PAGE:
Technology refers to the application of knowledge in order to attain a specific practical goal. This could be anything from a product to an endeavor.
There are two main traditions of technology. One is the instrumentalist tradition, which focuses on technology’s role as a technical rationality. The other is the interpretative sociology of technology.
In the late nineteenth century, there was a prevailing positive attitude towards technology. This attitude lasted through the industrial revolution. However, in the early twentieth century, there were lively discussions regarding foundational issues. These issues were not directly addressed by philosophers and technologists.
Philosophical reflection on technology did not grow at the same rate as other aspects of philosophy. However, the Renaissance encouraged greater appreciation for human creative efforts.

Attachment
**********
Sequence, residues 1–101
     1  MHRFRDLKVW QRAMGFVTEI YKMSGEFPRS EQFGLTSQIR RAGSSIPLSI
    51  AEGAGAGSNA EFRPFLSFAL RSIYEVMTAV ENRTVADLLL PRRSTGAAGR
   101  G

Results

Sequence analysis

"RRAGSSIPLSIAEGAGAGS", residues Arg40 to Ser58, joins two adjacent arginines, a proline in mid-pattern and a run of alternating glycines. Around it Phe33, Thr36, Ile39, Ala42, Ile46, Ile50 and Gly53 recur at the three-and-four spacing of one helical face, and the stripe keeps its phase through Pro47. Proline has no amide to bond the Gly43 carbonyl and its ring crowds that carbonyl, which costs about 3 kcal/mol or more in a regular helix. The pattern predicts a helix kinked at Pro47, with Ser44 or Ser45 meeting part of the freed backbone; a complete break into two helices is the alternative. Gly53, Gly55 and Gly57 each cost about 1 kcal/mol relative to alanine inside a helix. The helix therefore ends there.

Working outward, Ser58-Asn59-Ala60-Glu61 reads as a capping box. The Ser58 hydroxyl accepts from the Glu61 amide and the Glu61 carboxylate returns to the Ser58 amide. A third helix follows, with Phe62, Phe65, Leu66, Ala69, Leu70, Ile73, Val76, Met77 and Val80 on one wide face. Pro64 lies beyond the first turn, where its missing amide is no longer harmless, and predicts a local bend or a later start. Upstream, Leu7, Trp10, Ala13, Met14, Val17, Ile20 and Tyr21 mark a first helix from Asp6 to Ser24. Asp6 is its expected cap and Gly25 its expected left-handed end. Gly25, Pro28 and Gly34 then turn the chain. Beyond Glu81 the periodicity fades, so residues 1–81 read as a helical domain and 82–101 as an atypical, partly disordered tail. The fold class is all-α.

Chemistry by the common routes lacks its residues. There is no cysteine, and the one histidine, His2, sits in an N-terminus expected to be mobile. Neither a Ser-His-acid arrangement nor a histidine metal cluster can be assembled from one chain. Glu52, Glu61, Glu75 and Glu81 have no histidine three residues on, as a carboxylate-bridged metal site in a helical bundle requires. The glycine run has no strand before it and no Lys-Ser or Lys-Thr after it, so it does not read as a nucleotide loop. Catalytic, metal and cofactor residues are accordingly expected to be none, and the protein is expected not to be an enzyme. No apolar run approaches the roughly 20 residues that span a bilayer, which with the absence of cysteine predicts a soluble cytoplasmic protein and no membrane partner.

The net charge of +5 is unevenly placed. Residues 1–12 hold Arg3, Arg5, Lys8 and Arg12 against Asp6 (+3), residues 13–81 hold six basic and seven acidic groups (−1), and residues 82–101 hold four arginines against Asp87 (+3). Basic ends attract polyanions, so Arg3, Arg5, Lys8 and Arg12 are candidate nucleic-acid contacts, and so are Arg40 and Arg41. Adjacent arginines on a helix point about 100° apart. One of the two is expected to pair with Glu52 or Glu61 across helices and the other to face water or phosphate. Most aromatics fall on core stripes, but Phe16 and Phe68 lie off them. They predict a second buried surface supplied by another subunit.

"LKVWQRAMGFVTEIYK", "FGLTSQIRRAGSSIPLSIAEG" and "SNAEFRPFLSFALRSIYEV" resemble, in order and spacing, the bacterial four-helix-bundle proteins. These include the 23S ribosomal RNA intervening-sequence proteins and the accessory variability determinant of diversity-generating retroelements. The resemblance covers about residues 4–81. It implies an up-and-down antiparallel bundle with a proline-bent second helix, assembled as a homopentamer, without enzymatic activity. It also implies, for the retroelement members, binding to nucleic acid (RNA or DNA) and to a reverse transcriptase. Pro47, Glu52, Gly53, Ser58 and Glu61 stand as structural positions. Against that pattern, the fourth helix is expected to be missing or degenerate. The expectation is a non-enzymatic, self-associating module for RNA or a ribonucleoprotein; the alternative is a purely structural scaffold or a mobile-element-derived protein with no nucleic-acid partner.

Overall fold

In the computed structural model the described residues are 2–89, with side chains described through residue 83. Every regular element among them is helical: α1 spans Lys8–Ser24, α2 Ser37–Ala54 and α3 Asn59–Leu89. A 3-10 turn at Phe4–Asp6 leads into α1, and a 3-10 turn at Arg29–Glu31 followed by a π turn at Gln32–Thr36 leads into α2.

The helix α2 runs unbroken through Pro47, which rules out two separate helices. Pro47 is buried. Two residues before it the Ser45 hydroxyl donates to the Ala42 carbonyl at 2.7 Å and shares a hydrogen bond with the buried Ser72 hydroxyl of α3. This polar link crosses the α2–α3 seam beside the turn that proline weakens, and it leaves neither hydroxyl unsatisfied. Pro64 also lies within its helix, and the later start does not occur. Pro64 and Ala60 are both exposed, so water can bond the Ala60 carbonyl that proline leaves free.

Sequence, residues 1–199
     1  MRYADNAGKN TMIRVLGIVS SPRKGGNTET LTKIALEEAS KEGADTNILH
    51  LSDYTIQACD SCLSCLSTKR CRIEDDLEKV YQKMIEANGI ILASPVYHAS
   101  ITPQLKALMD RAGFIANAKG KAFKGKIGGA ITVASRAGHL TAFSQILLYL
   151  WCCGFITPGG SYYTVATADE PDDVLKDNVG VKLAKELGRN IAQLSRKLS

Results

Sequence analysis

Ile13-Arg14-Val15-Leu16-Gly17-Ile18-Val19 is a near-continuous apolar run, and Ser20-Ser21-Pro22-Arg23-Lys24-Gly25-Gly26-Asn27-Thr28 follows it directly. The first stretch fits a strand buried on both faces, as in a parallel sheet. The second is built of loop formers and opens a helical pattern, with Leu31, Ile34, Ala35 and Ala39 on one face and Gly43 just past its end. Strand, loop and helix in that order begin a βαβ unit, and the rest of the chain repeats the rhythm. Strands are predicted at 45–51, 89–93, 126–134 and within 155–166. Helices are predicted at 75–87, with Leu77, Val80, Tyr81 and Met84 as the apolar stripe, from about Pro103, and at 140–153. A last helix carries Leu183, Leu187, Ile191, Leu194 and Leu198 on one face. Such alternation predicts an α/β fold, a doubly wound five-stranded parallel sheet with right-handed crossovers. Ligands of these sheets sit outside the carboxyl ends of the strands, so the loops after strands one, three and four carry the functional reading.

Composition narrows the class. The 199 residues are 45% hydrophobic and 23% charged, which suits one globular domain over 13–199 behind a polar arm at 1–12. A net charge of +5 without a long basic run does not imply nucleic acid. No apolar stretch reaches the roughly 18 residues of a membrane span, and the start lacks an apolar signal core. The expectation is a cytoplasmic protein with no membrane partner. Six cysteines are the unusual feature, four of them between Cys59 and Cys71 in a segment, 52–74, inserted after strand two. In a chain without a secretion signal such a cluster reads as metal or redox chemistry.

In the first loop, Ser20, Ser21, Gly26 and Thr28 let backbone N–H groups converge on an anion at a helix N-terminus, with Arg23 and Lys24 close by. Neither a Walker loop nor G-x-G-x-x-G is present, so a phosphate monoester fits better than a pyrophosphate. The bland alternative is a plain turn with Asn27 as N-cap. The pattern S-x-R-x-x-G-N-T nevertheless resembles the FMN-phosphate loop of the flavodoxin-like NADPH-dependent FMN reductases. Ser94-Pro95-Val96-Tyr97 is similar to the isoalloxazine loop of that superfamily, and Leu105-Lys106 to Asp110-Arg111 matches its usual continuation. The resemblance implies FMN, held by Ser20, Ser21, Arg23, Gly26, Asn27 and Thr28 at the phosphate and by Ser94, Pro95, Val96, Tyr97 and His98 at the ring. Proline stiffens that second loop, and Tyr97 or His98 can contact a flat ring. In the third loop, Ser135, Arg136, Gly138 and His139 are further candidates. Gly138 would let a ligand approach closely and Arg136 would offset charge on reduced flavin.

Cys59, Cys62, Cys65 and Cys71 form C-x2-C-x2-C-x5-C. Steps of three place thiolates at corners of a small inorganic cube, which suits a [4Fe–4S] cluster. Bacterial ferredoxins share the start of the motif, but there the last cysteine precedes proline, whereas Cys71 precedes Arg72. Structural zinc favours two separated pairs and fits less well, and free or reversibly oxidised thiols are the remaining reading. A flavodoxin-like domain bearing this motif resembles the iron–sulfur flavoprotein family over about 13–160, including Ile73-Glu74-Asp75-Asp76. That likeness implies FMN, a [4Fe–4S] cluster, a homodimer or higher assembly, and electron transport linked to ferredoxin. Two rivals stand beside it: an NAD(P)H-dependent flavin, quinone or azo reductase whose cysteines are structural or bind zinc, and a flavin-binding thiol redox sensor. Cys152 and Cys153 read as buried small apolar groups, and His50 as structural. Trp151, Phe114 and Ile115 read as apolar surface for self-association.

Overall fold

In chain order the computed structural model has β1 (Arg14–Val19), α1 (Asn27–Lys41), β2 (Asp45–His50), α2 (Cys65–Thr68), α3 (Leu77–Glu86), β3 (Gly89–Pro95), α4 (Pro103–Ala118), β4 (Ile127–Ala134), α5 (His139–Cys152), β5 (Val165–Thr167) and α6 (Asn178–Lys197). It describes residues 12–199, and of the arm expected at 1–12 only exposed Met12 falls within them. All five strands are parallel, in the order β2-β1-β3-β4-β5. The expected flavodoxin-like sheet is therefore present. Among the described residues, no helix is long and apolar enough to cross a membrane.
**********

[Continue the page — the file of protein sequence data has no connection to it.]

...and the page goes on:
During this period, there was a wide range of works. Some focused on philosophical aspects of technology, while others focused on the practical aspects.
Schatzberg’s newest book is based on his article that appeared in the Technology and Culture magazine in 2006. It is an extensive analysis of technology’s conceptual history, with an aim to reformulate the concept of technology in a way that is more enlightened.
Schatzberg’s manifesto states that the goal of the book is to rehabilitate technology as a concept. He claims that the best way to achieve this is to make the book not just an academic study, but a work of scholarship.
He argues that the earliest testimony on the philosophy of technology comes from ancient Greece. As Aristotle wrote in Physics II.8, “Weaving, house-building, and weaving were first invented by imitating nature.”
For some, the term is sufficiently foreign. Others consider it sufficiently erudite.